How To Cope With Seasickness
Being ‘seasick’ is simply the ‘on water’ variation of suffering from motion sickness in general which you can experience in cars, on planes, coaches - in fact, you can experience the same nauseating feelings and suffer with similar symptoms when travelling on any form of transport.
In reality, what is actually happening when you’re feeling seasick all begins with the effects that the motion of the boat on the sea or ocean is having on your inner ear and eyes which, as a result, starts to send confusing signals to your brain.
For example, out on the water, especially the sea where there are stronger tidal movements than, say, a canal - whilst your eyes will instantly be able to tell your brain that the furniture or walls you’re looking at are motionless, your inner ear will be telling your brain, they’re moving. These confusing messages will start making you feel nauseous, dizzy, confused and you can begin to feel as though you want to vomit and you could also be sweating profusely.
Seasickness Prevention RemediesYou can buy both over the counter and prescriptive anti-motion sickness medications that many people will say has helped them overcome seasickness or, at least, lessen its effects and there are many other scientifically unproven remedies that are available that have been successful for some in reducing or eliminating seasickness.
Taking ginger capsules or ginger in some form, such as in drinking ginger ale or eating ginger snap biscuits before you set sail have often been said to reduce the severity of the effects of seasickness and there are patches and wristbands which can be bought too.
However, there isn’t one single solution that has been proven to absolutely ensure that you’ll not suffer from seasickness and it can very much vary between individuals. Some may suffer a little or not at all whilst another person close by might be severely affected.
What To Do & Not To Do If You’re Feeling SeasickAlthough you might be tempted to go to your sleeping quarters and just lie down, the fact that you’re unlikely to be able to sleep and could be up and down vomiting means it’s not a good idea. In fact, with the nauseous effects you’re likely to be experiencing too, the best thing you can do is to go out on deck and get some fresh air unless you’ve been told it’s not safe to do so, even if you think seeing the motions of the waves and their effects on the boat will make you feel even worse.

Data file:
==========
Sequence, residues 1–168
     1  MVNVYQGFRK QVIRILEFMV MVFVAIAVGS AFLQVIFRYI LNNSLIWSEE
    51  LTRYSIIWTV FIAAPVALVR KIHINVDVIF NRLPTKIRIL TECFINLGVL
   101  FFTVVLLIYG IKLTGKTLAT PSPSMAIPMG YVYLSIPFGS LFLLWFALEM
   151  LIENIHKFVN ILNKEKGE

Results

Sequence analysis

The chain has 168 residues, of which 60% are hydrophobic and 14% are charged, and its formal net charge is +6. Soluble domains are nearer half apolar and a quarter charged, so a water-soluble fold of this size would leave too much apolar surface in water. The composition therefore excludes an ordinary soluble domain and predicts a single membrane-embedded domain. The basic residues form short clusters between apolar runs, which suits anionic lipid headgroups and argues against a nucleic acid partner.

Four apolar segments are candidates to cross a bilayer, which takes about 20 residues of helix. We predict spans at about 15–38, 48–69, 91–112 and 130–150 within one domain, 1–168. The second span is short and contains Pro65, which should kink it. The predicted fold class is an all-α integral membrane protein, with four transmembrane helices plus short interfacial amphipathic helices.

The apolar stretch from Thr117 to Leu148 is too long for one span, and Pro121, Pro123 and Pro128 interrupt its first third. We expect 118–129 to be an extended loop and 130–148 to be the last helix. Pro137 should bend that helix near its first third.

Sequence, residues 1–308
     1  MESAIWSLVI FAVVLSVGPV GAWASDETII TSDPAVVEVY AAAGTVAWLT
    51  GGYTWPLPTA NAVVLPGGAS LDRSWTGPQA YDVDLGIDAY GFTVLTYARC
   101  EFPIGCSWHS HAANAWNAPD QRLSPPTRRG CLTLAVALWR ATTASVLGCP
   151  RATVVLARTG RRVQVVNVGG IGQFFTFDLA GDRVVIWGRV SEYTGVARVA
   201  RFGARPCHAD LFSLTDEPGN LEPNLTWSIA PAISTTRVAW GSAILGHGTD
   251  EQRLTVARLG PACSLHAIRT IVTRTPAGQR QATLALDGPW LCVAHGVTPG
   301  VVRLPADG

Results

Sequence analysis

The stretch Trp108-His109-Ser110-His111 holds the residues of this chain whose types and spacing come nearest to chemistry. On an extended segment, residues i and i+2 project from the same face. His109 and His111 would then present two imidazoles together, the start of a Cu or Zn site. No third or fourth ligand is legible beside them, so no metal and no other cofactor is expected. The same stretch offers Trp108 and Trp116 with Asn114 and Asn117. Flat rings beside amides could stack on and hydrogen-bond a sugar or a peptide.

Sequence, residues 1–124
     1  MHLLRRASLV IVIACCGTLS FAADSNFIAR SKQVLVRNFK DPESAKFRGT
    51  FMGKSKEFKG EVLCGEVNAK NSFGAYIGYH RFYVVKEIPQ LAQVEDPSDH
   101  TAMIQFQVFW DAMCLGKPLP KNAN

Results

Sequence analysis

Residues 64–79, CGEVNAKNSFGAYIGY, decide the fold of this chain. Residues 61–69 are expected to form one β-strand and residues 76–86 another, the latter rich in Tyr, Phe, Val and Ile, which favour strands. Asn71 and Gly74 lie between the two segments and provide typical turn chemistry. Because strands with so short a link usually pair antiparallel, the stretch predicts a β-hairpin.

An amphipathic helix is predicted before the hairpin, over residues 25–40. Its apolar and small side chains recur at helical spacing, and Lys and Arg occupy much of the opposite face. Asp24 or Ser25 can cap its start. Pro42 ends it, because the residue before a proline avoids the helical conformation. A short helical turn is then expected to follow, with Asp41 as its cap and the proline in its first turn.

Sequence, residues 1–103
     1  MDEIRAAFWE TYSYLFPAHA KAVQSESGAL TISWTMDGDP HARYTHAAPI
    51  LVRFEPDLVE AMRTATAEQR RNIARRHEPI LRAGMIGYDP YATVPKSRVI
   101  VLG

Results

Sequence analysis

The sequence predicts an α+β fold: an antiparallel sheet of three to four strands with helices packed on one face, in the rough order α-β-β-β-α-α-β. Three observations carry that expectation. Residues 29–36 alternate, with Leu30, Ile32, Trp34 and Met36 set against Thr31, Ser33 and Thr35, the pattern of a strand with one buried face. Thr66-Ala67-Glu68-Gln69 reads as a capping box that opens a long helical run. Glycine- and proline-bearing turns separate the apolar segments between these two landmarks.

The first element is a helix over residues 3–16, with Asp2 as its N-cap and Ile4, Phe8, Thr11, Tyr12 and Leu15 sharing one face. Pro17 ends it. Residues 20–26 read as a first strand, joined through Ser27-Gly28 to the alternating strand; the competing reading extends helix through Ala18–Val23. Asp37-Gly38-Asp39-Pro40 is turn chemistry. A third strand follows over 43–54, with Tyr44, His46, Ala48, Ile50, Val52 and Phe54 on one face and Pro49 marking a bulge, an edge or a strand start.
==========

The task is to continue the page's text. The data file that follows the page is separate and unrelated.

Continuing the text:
Once out in the open air, take some slow, deep breaths and then don’t be looking at the movement of the boat and the waves but focus your attention on something distant on the horizon as this will help to eliminate visual conflicts with what your eyes are seeing and what your inner ear is telling your brain.
Usually it’s the midship or aft part of the boat which is less inclined to be affected by the rolling and the pitching of the boat on the waves so situate yourself there. Staying inside the boat will usually only make you feel worse, especially close to areas where food might be being prepared and the odours that can give off which can bring on vomiting even more.
Don’t be afraid to ask for help either. It’s very tempting to slope off on your own if you’re the only person suffering as you may feel embarrassed but seek out the help and advice of others as they may have their own remedies which, to them, at least are tried and tested. A good skipper may also be able to steer a course taking the boat through calmer waters although that isn’t always possible.
Always remember, however, that if seasickness has caused you to vomit a lot, then, once you feel a bit more stable, it’s important that you replenish the nutrients you’ll have lost through heavy vomiting, even if that’s only eating something light such as a few salted crackers, for example as by not eating, you’re more likely to remain nauseous for a lot longer. And ensure that you drink plenty of fresh water to put fluids back into your body.
Some of the most hardened boat travellers in the world never get over their own seasickness whilst, for others - some don’t suffer at all and some may suffer on their first few trips out at sea but, within a short space of time, they learn to naturally cope and aren’t affected again.
Ultimately, however, seasickness shouldn’t be too much of a concern when it comes to living on a boat because, it’s more likely that you have reached that decision over a lengthy period of time because of the enjoyment you’ve had by being out on the water. In fact, if you are a severe sufferer of seasickness, then living on a boat, especially a sea-faring vessel, might very well not be for you after all.